After playing with the exercise machines, we went to a small park to experience different textures of ground with our eyes closed. I was led by my partner by holding her arm, and I could not get really specific directions that we were going to in this way. I felt some shadow casting down from trees and leaves, even though I know it was created by the leaves, I was still quite afraid of bumping into a tree. And when we moved from grass ground to cement ground, I could feel the soft texture turned into the hard one immediately. And when we were walking on fallen leaves, the crushing sounds that we created gave me a really clear perception that I was on leaves and I automatically formed the scene of feet surrounded by fallen leaves in my brain.


We changed our behaviour and used the exercise machines with knowledge in our head, and we perceive the change from our physical feelings, or in the case of the cathedral visit, we did not get any complain from people inside the cathedral, from this appearance we could evaluate whether we were doing things in the right way. From the walk in the last park, I knew how important visual sense is in our senses and how senses work together to build up our whole sense of the world.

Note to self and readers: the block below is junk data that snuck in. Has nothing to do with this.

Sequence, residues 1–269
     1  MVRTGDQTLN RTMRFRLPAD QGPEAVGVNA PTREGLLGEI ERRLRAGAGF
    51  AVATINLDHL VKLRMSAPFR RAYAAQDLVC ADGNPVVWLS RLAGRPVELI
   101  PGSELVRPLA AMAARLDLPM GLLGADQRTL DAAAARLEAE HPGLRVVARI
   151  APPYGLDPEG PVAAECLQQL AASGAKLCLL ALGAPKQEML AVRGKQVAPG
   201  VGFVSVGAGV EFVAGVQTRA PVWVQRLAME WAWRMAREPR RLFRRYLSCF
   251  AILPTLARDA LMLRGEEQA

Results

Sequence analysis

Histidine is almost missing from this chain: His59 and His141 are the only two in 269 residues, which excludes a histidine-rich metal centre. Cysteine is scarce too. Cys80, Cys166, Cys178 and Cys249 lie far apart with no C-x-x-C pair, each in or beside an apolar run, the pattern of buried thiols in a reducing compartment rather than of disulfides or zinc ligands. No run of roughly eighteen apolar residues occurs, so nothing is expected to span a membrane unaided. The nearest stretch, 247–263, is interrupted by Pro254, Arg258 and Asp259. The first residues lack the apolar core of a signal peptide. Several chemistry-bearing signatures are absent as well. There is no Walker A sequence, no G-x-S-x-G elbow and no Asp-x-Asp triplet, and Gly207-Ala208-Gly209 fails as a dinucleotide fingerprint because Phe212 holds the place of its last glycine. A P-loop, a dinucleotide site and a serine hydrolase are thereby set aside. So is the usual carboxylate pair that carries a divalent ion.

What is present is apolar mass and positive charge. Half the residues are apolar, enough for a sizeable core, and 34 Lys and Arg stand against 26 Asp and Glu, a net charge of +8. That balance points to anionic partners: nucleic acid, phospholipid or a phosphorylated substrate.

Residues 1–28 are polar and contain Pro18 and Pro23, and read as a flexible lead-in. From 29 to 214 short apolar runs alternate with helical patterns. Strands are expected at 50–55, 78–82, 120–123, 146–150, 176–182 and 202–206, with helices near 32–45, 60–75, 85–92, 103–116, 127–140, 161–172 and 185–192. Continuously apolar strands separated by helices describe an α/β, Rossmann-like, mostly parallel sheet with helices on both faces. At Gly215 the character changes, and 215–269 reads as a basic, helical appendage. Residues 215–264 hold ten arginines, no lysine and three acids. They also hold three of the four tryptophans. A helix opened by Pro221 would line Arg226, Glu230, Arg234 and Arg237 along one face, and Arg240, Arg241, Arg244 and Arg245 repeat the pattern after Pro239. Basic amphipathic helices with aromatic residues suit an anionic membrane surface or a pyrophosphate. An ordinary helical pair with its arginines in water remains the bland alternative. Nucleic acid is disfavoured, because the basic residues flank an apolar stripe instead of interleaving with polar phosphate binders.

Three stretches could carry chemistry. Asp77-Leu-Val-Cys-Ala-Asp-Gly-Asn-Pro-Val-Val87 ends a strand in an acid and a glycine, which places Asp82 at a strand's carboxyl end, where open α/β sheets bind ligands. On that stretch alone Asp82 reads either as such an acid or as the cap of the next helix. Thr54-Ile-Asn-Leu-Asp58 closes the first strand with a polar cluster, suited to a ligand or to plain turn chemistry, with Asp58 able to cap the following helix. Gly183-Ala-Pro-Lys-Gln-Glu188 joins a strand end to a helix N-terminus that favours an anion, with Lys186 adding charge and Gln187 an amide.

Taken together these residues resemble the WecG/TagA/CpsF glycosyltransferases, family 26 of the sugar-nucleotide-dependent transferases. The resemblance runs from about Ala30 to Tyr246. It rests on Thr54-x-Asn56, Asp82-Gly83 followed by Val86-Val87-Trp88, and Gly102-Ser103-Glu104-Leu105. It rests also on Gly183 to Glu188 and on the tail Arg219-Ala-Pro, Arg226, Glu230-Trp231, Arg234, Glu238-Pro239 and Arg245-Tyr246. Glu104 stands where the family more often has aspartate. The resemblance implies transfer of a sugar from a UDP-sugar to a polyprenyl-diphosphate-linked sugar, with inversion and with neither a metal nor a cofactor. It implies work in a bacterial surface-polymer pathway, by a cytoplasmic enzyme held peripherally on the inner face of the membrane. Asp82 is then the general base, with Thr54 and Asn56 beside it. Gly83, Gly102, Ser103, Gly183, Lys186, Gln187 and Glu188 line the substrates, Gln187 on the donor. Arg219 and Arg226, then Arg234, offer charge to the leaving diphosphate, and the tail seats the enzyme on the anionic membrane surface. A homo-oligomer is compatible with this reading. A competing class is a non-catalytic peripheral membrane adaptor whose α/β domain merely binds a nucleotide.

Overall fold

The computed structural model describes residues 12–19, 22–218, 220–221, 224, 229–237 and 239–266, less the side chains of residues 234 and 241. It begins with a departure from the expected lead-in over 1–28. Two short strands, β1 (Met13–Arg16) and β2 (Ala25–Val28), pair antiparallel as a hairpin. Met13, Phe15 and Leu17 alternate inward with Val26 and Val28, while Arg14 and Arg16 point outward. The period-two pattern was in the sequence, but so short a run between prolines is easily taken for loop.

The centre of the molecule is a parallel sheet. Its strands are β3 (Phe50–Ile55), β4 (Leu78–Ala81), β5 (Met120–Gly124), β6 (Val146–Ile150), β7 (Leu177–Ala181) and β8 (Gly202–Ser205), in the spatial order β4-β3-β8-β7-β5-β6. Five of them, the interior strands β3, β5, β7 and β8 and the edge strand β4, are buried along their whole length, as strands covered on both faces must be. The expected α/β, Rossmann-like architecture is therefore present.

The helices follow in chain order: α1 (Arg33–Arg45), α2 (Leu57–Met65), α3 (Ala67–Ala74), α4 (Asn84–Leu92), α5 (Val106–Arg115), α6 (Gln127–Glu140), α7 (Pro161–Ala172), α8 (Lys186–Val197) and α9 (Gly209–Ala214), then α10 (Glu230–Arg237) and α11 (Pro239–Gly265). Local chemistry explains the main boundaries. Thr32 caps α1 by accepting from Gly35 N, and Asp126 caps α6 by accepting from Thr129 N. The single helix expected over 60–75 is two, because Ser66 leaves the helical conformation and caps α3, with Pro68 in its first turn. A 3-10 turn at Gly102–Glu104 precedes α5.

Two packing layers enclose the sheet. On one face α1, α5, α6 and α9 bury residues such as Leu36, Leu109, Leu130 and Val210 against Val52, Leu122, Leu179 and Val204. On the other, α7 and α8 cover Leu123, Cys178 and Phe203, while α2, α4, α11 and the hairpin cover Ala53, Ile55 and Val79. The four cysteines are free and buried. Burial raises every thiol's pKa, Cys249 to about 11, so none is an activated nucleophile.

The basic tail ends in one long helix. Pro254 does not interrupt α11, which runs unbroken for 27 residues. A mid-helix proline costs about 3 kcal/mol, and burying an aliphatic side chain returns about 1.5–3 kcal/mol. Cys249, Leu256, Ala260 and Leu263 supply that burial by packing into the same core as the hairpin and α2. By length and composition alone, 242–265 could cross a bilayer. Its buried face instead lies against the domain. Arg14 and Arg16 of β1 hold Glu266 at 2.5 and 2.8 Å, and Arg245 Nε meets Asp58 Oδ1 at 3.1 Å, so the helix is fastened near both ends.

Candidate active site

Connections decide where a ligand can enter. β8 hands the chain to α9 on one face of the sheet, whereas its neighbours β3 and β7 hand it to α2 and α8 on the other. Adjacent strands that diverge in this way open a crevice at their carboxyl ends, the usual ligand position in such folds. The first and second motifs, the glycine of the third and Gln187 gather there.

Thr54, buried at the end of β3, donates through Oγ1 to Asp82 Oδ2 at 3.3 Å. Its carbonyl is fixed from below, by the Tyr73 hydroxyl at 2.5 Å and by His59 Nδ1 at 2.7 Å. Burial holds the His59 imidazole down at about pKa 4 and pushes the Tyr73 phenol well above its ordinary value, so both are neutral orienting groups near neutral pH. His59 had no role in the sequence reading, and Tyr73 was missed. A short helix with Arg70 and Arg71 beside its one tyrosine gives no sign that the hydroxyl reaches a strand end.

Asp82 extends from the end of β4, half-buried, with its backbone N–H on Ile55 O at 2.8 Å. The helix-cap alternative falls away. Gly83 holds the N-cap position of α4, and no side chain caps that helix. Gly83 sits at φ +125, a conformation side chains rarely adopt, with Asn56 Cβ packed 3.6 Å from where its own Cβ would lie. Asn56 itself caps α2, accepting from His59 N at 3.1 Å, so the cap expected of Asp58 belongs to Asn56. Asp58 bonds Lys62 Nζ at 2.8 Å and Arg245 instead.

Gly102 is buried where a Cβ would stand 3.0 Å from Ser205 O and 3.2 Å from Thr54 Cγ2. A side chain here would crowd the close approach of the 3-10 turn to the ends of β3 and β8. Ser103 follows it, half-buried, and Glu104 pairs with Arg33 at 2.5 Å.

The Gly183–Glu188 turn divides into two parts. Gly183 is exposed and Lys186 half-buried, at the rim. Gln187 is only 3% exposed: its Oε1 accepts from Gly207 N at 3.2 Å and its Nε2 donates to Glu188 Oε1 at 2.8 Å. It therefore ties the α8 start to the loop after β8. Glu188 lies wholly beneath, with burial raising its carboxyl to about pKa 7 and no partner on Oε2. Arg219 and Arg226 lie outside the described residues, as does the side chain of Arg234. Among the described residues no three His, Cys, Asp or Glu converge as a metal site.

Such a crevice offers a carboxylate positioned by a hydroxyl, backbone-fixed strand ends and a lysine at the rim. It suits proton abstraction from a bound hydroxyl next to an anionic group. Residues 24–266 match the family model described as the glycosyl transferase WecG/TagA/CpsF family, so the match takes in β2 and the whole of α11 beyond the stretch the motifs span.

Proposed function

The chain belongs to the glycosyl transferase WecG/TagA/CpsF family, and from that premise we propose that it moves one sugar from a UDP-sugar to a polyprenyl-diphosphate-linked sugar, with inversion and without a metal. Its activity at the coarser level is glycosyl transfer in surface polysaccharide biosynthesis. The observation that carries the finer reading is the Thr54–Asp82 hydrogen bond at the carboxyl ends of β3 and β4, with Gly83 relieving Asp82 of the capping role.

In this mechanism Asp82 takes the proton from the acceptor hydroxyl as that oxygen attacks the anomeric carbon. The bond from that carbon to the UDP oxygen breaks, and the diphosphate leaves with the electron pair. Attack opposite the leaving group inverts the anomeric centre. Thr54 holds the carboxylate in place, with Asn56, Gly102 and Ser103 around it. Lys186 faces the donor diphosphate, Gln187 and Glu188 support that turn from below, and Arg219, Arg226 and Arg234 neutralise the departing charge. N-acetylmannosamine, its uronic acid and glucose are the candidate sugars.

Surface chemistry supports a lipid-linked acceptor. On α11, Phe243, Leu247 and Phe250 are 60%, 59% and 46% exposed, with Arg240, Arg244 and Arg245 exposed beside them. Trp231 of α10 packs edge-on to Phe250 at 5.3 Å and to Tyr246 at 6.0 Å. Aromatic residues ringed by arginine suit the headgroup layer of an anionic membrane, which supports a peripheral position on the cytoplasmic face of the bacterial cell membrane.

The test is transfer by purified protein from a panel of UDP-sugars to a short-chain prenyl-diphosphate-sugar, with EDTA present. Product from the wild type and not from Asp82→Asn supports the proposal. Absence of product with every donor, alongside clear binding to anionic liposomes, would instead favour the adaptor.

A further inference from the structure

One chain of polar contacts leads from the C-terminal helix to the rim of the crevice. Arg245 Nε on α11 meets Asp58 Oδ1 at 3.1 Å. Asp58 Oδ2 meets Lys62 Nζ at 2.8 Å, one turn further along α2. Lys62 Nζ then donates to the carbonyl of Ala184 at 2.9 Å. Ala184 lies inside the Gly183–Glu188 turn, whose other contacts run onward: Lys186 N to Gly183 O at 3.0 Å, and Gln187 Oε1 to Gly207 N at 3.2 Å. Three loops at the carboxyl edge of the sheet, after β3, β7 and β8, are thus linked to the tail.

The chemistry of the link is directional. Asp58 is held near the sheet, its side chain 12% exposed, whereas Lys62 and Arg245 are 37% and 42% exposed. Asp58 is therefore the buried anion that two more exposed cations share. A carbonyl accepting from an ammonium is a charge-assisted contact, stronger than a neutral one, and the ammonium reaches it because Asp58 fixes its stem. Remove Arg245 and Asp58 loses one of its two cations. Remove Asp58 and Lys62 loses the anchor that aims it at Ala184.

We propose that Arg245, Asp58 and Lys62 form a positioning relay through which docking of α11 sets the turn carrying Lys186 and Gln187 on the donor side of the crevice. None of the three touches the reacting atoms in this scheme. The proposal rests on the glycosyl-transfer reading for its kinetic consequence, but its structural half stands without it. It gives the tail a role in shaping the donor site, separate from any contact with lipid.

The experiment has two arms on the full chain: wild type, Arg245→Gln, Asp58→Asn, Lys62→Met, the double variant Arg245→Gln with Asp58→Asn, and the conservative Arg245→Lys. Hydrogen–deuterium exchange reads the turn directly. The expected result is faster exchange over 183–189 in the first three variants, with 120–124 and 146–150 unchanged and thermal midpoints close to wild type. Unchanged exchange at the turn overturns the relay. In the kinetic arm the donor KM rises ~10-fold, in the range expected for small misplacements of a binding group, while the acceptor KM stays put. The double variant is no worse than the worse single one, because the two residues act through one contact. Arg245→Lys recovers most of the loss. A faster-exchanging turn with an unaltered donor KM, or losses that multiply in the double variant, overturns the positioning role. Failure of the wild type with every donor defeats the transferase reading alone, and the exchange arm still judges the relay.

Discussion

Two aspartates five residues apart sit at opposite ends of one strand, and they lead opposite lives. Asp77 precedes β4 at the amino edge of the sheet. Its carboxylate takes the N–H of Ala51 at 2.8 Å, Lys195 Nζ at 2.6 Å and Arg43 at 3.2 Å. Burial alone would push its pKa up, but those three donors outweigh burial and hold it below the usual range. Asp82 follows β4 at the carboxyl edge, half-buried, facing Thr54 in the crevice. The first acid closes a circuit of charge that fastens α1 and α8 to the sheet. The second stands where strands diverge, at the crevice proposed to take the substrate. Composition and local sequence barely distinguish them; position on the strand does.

Norman, D. (1988) The design of everyday things. Revised and expanded edition. Cambridge: MIT Press.

Exhibitions Visit

Glastonbury: Land and Legend’ Exhibition


Before I stepped into the first showroom I saw the signs outside the room in handwriting style, this font already gave me the natural and free feeling before really visiting the exhibition.


The first thing I noticed from the exhibition is not the thing that I could see, but the natural environmental sounds that I heard. There was one screen showing the environment of the Glastonbury festival, and there are sounds of birds, winds coming with the scenes. I did not even need to see what’s happening on screen to gain the feeling of nature. Then I saw the sculptures displayed nearby the door. Being displayed in such a dim environment and with the spotlight casting down, the material and design of the sculptures expressed the sense of wildness and nature.